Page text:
Later years and death[]

File:Adrienne von Speyr 2.jpg

Adrienne von Speyr

In the summer of 1927 Speyr met a history professor, Emil Dürr, a widower with two young sons. They married, and shortly after the wedding Adrienne passed her state boards to become a physician; she was the first woman in Switzerland to be admitted to the medical profession. Dürr died suddenly in 1934, and in 1936 the widowed Speyr married Werner Kaegi, an associate professor under Dürr who took over his Chair of History at the University of Basel.

During the next few years Adrienne made several unsuccessful attempts to contact Catholic priests, to inform them of her desire to convert. In the fall of 1940 she was introduced to Father Hans Urs von Balthasar, a Jesuit priest recently appointed as the students' chaplain in Basel. She told him of her desire to become a Roman Catholic, and was baptized on 1 November 1940, the Feast of All Saints, when she was 38. Soon after, she was confirmed. Her family was initially shocked; it would take years for a reconciliation with them to take place.

Adrienne proceeded to form friendships with many great Catholic thinkers, including Romano Guardini, Hugo Rahner, Erich Przywara, Henri de Lubac, Reinhold Schneider, Annette Kolb, and Gabriel Marcel. Meanwhile, her medical practice was very successful; she had as many as sixty to eighty patients a day.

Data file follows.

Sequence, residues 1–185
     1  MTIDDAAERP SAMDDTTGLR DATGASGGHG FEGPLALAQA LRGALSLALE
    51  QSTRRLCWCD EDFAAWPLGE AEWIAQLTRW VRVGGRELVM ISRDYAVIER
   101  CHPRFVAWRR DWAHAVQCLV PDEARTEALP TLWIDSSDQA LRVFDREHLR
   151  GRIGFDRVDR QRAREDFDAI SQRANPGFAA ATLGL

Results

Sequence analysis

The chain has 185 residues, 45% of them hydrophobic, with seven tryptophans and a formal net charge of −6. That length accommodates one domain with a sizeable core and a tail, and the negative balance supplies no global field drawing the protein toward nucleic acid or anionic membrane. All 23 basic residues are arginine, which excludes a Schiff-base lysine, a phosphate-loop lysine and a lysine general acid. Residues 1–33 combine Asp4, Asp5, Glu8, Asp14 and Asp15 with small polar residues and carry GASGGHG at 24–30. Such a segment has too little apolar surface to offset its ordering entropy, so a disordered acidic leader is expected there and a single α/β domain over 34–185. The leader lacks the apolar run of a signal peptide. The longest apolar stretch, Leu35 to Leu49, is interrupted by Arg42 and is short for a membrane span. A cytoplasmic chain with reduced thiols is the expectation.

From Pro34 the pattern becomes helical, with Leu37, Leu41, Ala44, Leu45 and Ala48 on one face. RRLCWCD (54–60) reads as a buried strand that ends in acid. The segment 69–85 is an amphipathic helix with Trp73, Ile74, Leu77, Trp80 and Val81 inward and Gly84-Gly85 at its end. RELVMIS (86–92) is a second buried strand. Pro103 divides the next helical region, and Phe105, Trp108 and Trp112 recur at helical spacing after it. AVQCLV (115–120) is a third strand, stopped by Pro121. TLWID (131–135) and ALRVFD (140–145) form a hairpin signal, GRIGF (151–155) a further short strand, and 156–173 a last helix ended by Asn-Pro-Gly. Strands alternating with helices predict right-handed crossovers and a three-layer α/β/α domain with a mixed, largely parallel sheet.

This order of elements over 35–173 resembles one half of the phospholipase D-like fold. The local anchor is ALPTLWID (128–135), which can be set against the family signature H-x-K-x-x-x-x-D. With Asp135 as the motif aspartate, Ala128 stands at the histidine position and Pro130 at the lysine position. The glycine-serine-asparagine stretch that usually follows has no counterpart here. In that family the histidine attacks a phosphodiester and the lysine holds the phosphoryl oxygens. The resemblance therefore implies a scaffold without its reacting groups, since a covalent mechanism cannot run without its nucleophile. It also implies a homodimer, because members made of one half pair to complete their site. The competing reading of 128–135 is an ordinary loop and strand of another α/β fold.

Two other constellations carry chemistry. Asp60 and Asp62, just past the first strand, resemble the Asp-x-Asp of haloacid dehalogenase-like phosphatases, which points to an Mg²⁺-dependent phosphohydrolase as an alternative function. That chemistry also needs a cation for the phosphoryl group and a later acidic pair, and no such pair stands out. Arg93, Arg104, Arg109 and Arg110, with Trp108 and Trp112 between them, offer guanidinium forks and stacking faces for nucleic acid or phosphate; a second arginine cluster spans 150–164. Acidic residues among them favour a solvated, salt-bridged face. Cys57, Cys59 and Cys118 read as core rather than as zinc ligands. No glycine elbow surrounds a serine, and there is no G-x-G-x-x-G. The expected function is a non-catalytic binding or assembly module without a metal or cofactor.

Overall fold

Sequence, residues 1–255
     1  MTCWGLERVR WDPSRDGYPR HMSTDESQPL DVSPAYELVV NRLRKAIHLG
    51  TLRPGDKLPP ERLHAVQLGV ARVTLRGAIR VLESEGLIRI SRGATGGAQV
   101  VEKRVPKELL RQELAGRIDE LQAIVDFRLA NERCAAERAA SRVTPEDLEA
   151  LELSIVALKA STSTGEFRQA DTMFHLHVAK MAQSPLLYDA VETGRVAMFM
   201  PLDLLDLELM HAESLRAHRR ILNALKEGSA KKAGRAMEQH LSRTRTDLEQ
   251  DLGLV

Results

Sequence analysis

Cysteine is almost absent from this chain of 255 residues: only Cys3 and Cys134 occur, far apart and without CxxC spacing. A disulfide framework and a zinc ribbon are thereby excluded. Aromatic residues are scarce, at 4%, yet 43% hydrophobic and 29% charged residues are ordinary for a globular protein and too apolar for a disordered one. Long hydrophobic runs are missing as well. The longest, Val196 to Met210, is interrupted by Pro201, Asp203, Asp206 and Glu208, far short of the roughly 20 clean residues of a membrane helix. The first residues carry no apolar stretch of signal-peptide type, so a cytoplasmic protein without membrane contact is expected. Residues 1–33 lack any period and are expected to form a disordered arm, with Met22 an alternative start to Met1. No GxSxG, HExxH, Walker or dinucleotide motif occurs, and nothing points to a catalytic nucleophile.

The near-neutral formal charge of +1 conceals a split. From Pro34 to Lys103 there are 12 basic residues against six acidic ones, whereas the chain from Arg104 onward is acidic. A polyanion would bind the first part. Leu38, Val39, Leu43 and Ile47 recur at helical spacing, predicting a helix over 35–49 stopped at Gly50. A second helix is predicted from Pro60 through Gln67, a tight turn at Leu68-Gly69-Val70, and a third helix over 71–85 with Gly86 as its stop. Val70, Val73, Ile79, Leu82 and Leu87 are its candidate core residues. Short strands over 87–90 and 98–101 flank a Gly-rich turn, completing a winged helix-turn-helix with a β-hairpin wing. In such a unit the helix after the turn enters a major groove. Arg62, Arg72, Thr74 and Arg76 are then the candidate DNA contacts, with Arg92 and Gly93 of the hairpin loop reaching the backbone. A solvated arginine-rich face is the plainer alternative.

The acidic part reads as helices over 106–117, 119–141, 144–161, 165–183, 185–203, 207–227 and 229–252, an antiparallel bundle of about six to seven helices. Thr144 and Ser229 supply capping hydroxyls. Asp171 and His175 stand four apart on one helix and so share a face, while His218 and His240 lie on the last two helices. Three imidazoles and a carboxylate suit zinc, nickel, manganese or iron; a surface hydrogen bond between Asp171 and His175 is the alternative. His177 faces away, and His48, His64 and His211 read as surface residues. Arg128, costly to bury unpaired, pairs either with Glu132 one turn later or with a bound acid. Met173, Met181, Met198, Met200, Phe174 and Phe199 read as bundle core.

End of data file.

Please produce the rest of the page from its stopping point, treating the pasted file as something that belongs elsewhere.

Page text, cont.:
She is considered by many to have been a mystic and is reputed to have had mystical experiences of the Trinity and the saints. Her reputed mystical experiences grew in frequency until her death.

Fr. von Balthasar wrote that shortly after her conversion "a veritable cataract of mystical graces poured over Adrienne in a seemingly chaotic storm that whirled her in all directions at once. Graces in prayer above all: she was transported beyond all vocal prayer or self-directed meditation upon in order to be set down somewhere after an indeterminate time with new understanding, new love and new resolutions." This included "an increasingly open and intimate association with Mary…" Driving home one night shortly after her conversion, she saw a great light in front of the car and she heard a voice say: "Tu vivras au ciel et sur la terre" (You shall live in heaven and on earth). This was "the key to all that was to follow" in her life.